Disruptive innovation breakthrough from incremental improvements
Disruptive innovation breakthrough from incremental improvements. The 3D controller in the video uses brute force pattern recognition and cheap hardware. It’s what Ray Kurzweil claims will lead to the Singularity.
Cheap camera based 3D controllers have been on the market for close to 2 years. The interesting part of this video is how they do it. They have a large database of images for hand positions then compare what the camera sees to an image in the database. That is an extremely crude approach but the speed of cheap hardware makes it economical.
Most people view breakthroughs as rare and hard to achieve. Using the random creativity based approach that is very true. Business leaders want the disruptive breakthroughs because of the huge profit potential. If you are not using Predictive Innovation your only option is incremental improvements and mediocre little to no increases in profits. However you can achieve breakthroughs with incremental improvements.
A breakthrough occurs when your product allows the customer to do something never before possible. There are two ways to achieve breakthroughs, Predictive Innovation helps you with both. The first way is a new approach to the problem. One example of a different approach creating a breakthrough is engines and airplanes.
When the Wright brothers built their first airplane, steam engines had been around for a long time. The Wright brothers did not use a steam engine because the power to weight ratio was not good enough to get the heavy steam engine and the boiler full of water to fly. They used an internal combustion engine, the same type used for most things today. Unless you have an electric motor, your car or lawnmower has an internal combustion engine.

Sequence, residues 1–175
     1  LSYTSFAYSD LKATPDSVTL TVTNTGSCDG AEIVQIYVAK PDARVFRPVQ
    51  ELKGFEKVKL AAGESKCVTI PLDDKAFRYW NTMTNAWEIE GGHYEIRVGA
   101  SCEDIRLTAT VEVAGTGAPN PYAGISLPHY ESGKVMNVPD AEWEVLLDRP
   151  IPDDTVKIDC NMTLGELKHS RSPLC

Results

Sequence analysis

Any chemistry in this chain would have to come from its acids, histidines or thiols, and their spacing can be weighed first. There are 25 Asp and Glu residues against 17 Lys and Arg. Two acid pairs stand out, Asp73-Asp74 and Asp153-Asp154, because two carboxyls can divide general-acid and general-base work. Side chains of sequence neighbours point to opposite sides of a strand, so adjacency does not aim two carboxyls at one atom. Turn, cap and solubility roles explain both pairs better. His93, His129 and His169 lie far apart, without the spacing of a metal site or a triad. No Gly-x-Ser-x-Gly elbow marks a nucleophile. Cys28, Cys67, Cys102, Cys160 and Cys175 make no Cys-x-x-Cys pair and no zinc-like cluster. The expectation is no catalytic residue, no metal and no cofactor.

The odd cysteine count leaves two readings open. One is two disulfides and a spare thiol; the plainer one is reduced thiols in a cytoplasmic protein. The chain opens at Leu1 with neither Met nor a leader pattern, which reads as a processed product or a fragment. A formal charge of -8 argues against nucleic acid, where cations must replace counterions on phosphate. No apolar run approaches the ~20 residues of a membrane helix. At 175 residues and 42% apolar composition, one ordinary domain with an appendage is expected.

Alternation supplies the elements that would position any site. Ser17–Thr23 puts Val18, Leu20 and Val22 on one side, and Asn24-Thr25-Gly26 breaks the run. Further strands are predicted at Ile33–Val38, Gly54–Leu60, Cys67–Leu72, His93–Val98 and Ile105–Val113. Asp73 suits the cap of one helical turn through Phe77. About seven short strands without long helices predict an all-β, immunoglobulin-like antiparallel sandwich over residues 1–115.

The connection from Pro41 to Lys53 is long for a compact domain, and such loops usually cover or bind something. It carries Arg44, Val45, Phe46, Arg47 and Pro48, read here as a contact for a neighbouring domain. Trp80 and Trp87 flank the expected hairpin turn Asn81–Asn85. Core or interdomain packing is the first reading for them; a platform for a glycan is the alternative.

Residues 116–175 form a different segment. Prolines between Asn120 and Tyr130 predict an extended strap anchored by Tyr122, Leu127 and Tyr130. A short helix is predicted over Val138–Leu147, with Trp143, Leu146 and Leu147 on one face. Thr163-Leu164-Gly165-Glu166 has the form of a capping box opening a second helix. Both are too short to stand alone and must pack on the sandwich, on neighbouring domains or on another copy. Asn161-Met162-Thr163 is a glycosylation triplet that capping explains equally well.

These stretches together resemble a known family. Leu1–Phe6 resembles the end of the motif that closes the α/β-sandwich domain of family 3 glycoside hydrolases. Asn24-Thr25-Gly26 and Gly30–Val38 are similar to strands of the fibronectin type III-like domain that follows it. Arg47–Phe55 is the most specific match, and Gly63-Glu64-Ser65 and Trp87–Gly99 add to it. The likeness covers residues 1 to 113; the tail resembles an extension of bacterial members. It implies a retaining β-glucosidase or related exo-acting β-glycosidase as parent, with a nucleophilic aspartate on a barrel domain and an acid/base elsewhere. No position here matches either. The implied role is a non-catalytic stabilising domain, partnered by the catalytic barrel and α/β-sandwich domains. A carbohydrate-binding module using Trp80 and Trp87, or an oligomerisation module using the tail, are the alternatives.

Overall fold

Kites and wings were well known for centuries before the invention of the airplane. The limiting factor for flight was the power to weight ratio. The internal combustion engine was a breakthrough technology, a different approach, that allowed the breakthrough of an airplane to be built.
Digital music and digital video was a massive breakthrough but it was made possible with incremental improvements. Microprocessor technology hasn’t fundamentally changed in 50 years. Improvements have been
made by incrementally increasing the number of transistors and clock speeds for the chips. When the
processing power became enough to handle 16 bits at 44,000 per second it was possible to play digitally recorded audio. This made audio CD’s possible. When the speed increased more, video became feasible. These were incremental improvements that made the breakthrough possible.
How does Predictive Innovation help you find breakthroughs? Predictive Innovation breaks down the idea space into the 5x3x7 dimensions for anything you can make or do. The 5x3x7 grid produces 105 boxes, each one describes a type of innovation. It’s a map of the idea space. Just like a road map grid helps you find things. On a road map you might look of the name of a city and see that it’s at C5 on the map grid. The dimensions of Predictive Innovation are the same way. You can look up anything in the idea space by using the 5x3x7 grid.
Breakthroughs happen when something different is possible. If you change from one of the 105 types to a different type that will be a breakthrough. So creating a breakthrough is as simple as choosing a different box. How does that help you use incremental improvements to make breakthroughs? It shows you the entire idea space. You will know what is possible and what to expect to make it ready to build and sell.
Using Predictive Innovation you can see which paths lead to breakthroughs. You can easily make low-risk incremental improvements and collect profits while you prepare for the big breakthrough you know will happen.